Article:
A Python interface to the number theory library PARI/GP

## Project description

A Python interface to the number theory library PARI/GP.

## Installation

### From a distribution package (GNU/Linux, conda-forge)

A package might be available in your package manager, see https://repology.org/project/python:cypari2/versions or https://doc.sagemath.org/html/en/reference/spkg/cypari for installation instructions.

### From a pre-built wheel from PyPI

Requirements:

• Python >= 3.9

• pip

Install cypari2 via the Python Package Index (PyPI) via

$pip install cypari2 [--user] (the optional option –user allows to install cypari2 for a single user and avoids using pip with administrator rights). ### From source with pip Requirements: Install cypari2 via the Python Package Index (PyPI) via $ pip install --no-binary cypari2 cypari2 [--user]

(the optional option –user allows to install cypari2 for a single user and avoids using pip with administrator rights).

pip builds the package using build isolation. All Python build dependencies of the package, declared in pyproject.toml, are automatically installed in a temporary virtual environment.

If you want to try the development version, use

\$ pip install git+https://github.com/sagemath/cypari2.git [--user]

## Usage

The interface as been kept as close as possible from PARI/GP. The following computation in GP

? zeta(2)
%1 = 1.6449340668482264364724151666460251892

? p = x^3 + x^2 + x - 1;
? modulus = t^3 + t^2 + t - 1;
? fq = factorff(p, 3, modulus);
? centerlift(lift(fq))
%5 =
[            x - t 1]

[x + (t^2 + t - 1) 1]

[   x + (-t^2 - 1) 1]

translates into

>>> import cypari2
>>> pari = cypari2.Pari()

>>> pari(2).zeta()
1.64493406684823

>>> p = pari("x^3 + x^2 + x - 1")
>>> modulus = pari("t^3 + t^2 + t - 1")
>>> fq = p.factorff(3, modulus)
>>> fq.lift().centerlift()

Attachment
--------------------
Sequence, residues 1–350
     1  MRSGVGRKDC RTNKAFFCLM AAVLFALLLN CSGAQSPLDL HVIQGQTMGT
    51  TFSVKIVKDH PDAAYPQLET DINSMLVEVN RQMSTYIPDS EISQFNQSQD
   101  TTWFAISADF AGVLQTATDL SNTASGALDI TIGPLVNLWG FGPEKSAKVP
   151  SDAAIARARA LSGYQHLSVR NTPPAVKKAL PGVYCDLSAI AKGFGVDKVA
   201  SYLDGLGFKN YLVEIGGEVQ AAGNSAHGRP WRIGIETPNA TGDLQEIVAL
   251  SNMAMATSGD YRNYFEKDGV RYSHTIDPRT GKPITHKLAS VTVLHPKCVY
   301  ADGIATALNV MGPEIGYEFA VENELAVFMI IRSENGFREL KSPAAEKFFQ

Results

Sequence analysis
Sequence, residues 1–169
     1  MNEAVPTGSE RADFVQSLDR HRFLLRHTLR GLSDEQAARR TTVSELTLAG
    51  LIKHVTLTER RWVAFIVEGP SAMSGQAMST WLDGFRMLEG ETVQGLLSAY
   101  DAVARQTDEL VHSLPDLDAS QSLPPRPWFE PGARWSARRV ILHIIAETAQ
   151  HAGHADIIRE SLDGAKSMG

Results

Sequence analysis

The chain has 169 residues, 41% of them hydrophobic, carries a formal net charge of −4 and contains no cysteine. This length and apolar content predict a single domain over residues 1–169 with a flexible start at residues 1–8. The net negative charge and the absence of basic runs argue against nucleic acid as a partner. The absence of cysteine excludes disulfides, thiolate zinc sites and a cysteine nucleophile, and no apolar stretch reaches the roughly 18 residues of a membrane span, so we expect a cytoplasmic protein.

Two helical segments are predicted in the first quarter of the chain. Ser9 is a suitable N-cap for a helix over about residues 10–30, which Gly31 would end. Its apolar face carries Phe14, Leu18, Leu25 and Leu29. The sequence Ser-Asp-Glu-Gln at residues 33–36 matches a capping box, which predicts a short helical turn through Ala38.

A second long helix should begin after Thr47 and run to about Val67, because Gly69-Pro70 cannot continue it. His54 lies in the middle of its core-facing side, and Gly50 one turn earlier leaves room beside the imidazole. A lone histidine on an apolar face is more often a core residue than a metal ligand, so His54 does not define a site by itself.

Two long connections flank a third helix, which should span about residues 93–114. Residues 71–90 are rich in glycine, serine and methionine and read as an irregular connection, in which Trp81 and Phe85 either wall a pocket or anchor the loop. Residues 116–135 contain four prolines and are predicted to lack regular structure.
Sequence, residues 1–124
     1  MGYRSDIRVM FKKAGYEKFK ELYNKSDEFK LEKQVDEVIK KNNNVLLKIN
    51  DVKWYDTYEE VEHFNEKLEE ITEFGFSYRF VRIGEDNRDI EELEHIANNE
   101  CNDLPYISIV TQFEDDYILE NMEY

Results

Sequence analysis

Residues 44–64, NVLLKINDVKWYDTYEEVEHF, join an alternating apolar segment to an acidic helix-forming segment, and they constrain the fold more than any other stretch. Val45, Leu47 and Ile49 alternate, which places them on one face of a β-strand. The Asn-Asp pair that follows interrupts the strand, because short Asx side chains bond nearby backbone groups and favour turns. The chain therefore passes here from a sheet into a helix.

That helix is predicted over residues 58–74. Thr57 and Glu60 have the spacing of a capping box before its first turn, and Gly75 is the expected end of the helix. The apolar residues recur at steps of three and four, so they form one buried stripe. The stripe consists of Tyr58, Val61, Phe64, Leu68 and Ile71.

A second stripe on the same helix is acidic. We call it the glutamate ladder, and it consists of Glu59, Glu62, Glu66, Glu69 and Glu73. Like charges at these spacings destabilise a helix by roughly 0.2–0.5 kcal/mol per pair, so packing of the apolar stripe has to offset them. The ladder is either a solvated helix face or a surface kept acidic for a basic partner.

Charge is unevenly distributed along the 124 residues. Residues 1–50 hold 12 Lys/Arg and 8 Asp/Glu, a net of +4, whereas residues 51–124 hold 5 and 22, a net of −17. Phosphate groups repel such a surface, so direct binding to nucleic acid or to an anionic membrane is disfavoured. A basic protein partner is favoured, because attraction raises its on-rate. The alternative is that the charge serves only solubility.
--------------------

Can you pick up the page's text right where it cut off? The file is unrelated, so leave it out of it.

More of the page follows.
[x - t, 1; x + (t^2 + t - 1), 1; x + (-t^2 - 1), 1]

The object pari above is the object for the interface and acts as a constructor. It can be called with basic Python objects like integer or floating point. When called with a string as in the last example the corresponding string is interpreted as if it was executed in a GP shell.

Beyond the interface object pari of type Pari, any object you get a handle on is of type Gen (that is a wrapper around the GEN type from libpari). All PARI/GP functions are then available in their original names as methods like zeta, factorff, lift or centerlift above.

Alternatively, the pari functions are accessible as methods of pari. The same computations be done via

>>> import cypari2
>>> pari = cypari2.Pari()

>>> pari.zeta(2)
1.64493406684823

>>> p = pari("x^3 + x^2 + x - 1")
>>> modulus = pari("t^3 + t^2 + t - 1")
>>> fq = pari.factorff(p, 3, modulus)
>>> pari.centerlift(pari.lift(fq))
[x - t, 1; x + (t^2 + t - 1), 1; x + (-t^2 - 1), 1]

The complete documentation of cypari2 is available at http://cypari2.readthedocs.io and the PARI/GP documentation at http://pari.math.u-bordeaux.fr/doc.html

## Contributing

CyPari 2 is maintained by the SageMath community.

Open issues or submit pull requests at https://github.com/sagemath/cypari2 and join https://groups.google.com/group/sage-devel to discuss.

## Project details

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